Richard Partridge FRS FRCS (1805-1873)
Surgeon who turned in London bodysnatchers
In 1831, while working as a demonstrator of anatomy at King's College, Richard Partridge was offered the suspiciously fresh body of a teenage boy for dissection. Partridge alerted the police and the ‘London Burkers’ (so-called after the Scottish bodysnatchers Burke and Hare) were arrested and brought to trial. The public outcry about the case led to the passing of the Anatomy Act of 1832. This allowed the bodies of paupers unclaimed by relatives to be supplied to medical schools for dissection.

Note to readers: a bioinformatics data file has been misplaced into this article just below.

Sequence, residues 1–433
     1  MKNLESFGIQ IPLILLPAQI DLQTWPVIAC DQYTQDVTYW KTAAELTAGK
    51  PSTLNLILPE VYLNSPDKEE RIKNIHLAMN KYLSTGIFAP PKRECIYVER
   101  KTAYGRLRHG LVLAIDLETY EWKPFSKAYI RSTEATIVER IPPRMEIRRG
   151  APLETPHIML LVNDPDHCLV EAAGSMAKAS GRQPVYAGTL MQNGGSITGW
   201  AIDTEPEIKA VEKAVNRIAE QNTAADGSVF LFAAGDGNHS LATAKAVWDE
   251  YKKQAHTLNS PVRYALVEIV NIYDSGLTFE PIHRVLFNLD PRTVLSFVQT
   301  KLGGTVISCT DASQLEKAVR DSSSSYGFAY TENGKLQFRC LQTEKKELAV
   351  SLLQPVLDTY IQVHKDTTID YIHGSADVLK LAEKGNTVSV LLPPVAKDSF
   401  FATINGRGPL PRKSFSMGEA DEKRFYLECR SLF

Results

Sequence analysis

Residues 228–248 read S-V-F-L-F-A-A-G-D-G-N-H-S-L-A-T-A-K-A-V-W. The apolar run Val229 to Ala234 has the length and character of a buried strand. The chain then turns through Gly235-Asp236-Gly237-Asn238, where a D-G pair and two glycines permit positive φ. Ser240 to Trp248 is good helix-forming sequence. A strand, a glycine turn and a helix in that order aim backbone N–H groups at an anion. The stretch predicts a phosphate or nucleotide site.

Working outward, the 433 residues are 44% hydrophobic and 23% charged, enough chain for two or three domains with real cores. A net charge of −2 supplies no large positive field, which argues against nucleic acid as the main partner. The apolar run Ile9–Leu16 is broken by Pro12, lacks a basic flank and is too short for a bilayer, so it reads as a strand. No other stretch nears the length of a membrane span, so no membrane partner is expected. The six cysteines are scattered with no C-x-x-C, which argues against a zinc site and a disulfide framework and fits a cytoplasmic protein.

Partridge was appointed surgeon at the newly established King’s College Hospital in 1840, colleague to the more famous William Fergusson. In the autumn of 1862, Partridge was asked to examine the Italian general Guiseppe Garibaldi, who had been shot in the ankle. He was unable to detect the bullet, which was later found and removed by colleagues.